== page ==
The Single Best Indicator It's Time to Raise Prices
I hear it all the time. It’s sad. I mean, it really makes me sad.
“I’m 80% booked for next year, and it’s still not even engagement season!!”
Now, I know what you’re thinking. A wedding pro way ahead on their booking pace should make me happy. They’re killing it, you think.
Here’s another one: “I’ve only got two Saturdays open for next summer and fall!!!”
Again, you think I should send them a GIF via IG DM. But I won’t. You know why?
They left soooooooo much money on the table - it’s enough to bring me to tears. Ok, maybe I'm being a tad dramatic.
But I see this in FB groups and IG posts all the time, and rather than a confetti bomb I send them a note saying, “Time to raise rates.” with a shy smile emoji.
Stop Leaving Money on the Table
If you book up super quickly or really far in advance it’s a strong indicator you’re not charging enough.
People are simply saying yes too often.
Or maybe you’re just that good at sales...
(As a point of reference, a recent Hubspot survey recognized the event industry conversion average at 13%. I had a consistent 20% when I sold directly to wedding couples.)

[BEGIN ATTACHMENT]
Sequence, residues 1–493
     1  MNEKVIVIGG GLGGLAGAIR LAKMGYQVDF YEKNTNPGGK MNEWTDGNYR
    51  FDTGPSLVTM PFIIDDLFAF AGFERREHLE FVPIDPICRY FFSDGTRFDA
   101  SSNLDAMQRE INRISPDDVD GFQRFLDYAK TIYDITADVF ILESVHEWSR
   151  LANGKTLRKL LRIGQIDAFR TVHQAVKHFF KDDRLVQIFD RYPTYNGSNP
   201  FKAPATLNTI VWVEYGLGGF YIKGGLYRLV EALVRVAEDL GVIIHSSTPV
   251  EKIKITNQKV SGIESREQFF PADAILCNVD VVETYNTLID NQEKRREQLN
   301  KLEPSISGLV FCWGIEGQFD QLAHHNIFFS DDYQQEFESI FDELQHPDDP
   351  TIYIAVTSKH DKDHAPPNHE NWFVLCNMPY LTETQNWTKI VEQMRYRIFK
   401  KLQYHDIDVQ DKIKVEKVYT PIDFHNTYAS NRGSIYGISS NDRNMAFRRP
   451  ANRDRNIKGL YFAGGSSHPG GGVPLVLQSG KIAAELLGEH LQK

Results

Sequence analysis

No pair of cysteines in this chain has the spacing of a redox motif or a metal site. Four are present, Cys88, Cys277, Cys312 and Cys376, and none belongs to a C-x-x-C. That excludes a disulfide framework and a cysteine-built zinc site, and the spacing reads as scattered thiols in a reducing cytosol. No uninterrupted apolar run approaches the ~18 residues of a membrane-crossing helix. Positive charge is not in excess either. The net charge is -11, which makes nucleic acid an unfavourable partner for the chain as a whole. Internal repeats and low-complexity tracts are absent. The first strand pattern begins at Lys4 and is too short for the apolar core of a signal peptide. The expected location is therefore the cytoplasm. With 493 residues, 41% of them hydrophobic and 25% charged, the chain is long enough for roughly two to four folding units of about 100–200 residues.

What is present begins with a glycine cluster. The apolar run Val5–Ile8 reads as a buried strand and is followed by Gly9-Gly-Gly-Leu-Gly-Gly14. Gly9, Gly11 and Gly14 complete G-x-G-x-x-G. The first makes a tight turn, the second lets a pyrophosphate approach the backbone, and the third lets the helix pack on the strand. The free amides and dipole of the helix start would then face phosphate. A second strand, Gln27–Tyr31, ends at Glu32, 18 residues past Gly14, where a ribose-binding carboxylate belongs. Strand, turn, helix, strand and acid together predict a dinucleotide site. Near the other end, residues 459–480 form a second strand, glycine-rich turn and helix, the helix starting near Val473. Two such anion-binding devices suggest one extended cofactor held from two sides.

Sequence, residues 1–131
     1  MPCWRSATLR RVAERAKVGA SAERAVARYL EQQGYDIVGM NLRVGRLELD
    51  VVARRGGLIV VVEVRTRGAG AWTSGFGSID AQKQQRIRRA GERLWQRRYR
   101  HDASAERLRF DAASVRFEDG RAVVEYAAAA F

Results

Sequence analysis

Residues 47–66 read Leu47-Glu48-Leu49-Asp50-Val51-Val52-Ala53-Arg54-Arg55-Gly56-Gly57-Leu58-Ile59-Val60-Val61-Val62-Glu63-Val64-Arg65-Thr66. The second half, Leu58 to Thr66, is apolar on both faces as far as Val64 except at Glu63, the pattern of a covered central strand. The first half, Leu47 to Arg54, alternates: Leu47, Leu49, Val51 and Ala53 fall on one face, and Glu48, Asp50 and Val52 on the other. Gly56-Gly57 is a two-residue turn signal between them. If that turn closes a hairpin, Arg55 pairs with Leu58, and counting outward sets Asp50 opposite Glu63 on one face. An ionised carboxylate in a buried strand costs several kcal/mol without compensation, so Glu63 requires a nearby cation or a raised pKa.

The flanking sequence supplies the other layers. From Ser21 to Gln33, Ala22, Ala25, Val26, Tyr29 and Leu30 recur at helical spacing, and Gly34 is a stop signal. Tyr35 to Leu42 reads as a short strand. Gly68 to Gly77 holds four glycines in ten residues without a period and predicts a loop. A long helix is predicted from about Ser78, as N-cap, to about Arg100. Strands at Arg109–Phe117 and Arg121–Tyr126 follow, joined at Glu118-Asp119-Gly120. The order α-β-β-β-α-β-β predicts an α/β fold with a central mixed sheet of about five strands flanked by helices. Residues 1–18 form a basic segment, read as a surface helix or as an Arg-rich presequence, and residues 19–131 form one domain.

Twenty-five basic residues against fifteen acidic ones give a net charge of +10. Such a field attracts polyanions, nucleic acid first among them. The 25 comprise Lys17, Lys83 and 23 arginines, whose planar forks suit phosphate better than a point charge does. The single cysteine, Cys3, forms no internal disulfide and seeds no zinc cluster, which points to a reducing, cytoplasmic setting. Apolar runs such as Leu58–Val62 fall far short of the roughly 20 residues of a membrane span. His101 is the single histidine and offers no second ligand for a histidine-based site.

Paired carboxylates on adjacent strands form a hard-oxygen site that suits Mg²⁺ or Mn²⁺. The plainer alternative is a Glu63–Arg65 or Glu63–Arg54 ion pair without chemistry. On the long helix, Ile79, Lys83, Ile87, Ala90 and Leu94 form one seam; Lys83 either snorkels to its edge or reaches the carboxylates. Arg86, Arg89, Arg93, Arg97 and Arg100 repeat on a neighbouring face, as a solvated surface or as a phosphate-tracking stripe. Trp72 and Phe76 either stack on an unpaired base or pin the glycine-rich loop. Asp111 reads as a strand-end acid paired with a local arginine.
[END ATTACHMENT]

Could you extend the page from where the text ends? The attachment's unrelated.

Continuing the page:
So, if you’re booking at more than 20-30% you’re likely UNDERpricing your services and the calendar is filling in because of your fear.
Get Over Your Fear of Rejection
I suggest asking yourself why you’re making it so easy for them to book you?
Don’t get me wrong! I don’t want you to make it hard for people to say yes. But I do want you to feel more comfortable with hearing “no” for the right reasons.
Fear is one of the emotions we avoid most. And rejection is a special kind of fear that we'll do all sorts of things to avoid feeling. We’ll do everything we can to make sure it doesn’t happen to us - including keeping our rates in a safe place, one where we don’t have to worry about buyers saying no to our services.
Stop using fear as a driver in your business strategy.
Stop using failure as an excuse not to try something risky.
Stop tying your worth to the price you charge.
Stop blaming other vendors or a crowded market for the reasons you can’t charge more.
I’m guessing it has more to do with your own fear of rejection than it does anything else.
If you’re way ahead of booking pace compared to last year, take some risks. Raise your rates 10-20% on your most popular dates. Do it for a month or two to see what happens (don’t reverse course after two rejections!!).
Studies show you’ll regret not trying more than trying and failing when you look back on your life.
Don’t be that person who boasts about being booked solid because you never braved the possibility of rejection.